“Otherwise, the risk is that rich and politically powerful cities” such as Denver, Albuquerque, Phoenix and others “will start throwing sharp elbows” at rural water-rights holders as the cities search for water to meet the supposed needs of growing populations, Fleck said. “That sends a really wrong and dangerous message.”

Any new social contract use on water management also should take into account the segments of American society that were ignored the last go-round, he said, pointing to the Navajo and other tribes whose water needs weren’t included in the 1922 pact.

Detailed Colorado River Basin map via the U.S. Bureau of Reclamation.

Upper #ColoradoRiver Basin Forum recap @WaterCenterCMU #COriver

Colorado River Trail near Fruita September 2014

From The Grand Junction Daily Sentinel (Charles Ashby):

There are many ways to use the Colorado River other than just relying on its water, a panel of local people who have been working to create more public access to the river told participants at a water conference Wednesday.

As recently as 30 years ago, the community was like many others in the nation, the panelists told participants at the 2017 Upper Colorado River Basin Water Forum at Colorado Mesa University. The forum continues today.

“We didn’t do a great job of treating the river with respect,” said Stacy Beaugh, executive director of the Tamarisk Coalition, who moderated a panel of five local residents who have, in their own ways, been working on ways to help revitalize the riverfront.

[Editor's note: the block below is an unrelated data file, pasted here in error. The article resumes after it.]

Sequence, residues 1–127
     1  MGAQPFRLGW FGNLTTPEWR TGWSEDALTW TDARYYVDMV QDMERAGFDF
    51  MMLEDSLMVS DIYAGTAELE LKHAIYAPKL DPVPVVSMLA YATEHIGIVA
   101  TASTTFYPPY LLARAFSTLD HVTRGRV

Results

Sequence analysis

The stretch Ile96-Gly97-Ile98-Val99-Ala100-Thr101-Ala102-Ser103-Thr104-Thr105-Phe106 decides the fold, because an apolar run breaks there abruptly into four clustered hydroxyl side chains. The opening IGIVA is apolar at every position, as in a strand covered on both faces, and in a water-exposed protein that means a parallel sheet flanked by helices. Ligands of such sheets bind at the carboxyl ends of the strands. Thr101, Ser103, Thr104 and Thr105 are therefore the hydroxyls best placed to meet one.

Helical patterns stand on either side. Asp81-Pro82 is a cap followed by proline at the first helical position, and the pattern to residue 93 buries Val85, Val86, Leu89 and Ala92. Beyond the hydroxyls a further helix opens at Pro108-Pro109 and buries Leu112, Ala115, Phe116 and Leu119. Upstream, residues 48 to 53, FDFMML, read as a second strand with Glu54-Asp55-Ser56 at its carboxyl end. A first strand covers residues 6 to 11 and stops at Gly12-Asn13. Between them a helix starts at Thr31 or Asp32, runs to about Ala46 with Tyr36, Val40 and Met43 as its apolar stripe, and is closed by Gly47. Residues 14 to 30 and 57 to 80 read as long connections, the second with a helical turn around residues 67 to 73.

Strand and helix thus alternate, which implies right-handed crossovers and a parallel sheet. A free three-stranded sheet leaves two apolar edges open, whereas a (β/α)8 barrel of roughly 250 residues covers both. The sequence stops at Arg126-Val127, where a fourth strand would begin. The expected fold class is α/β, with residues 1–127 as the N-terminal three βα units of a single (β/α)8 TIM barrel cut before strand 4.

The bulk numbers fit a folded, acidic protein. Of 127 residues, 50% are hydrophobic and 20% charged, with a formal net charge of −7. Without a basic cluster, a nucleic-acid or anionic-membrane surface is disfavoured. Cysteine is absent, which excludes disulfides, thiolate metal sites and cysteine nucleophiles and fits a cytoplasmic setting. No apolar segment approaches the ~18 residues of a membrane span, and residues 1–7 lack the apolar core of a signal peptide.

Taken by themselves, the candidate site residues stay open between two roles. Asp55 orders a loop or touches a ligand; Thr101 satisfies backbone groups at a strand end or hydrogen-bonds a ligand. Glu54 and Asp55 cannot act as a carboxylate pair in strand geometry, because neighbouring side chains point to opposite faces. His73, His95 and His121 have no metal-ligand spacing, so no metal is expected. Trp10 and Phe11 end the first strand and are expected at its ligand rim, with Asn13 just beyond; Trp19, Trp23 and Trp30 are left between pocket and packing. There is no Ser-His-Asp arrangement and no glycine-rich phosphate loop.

“There was no public access to the river for boating or anything 30 years ago,” said Beaugh, who also is co-chairwoman of the Colorado Riverfront Commission. “We had a bunch of junk cars and uranium mill tailings all over the river. It was pretty gross.”

The panel — Brian Mahoney, Colorado Riverfront Commission and Foundation board member; Cindy Enos-Martinez, a Riverside neighborhood resident and former Grand Junction mayor; Traci Wieland, Grand Junction’s recreation superintendent; Thaddeus Shrader, part owner of Bonsai Design; and Jen Taylor, owner of Mountain Khakis — talked about the work they and others have done since then to clean up the riverfront.

Over those years, the city, the commission, the Grand Junction Lions Club and many other groups and individuals have dedicated their time and money on various projects to, first, clean up the river, and then to provide public access to it.

Lately, that access has now included development of Las Colonias Park along with a business park along a two-mile section where the Colorado and Gunnison rivers meet.

It all began thanks to many people, but particularly to Mahoney and the Lions Club, who have been working on revitalization of the riverfront since the 1980s.

“In 1986, this project actually started in the minds of many people at the Lions Club,” Mahoney said. “In 1986, it was almost the bottom of the oil shale bust, the economy had gone to hell in a hand basket, and there were 1,400 home foreclosures. They could have put a sign up on the edge of town, ‘The last one out, turn out the lights.’”

The six talked about how the effort snowballed over the years, and attracted not only many volunteers, but also state and local grant money to get things done. What needs to happen next, the group said, is more of the same.

“More and more over the past few years, more community members were coming together,” Shrader said. “There’s change in the air. There’s an amazing opportunity here.”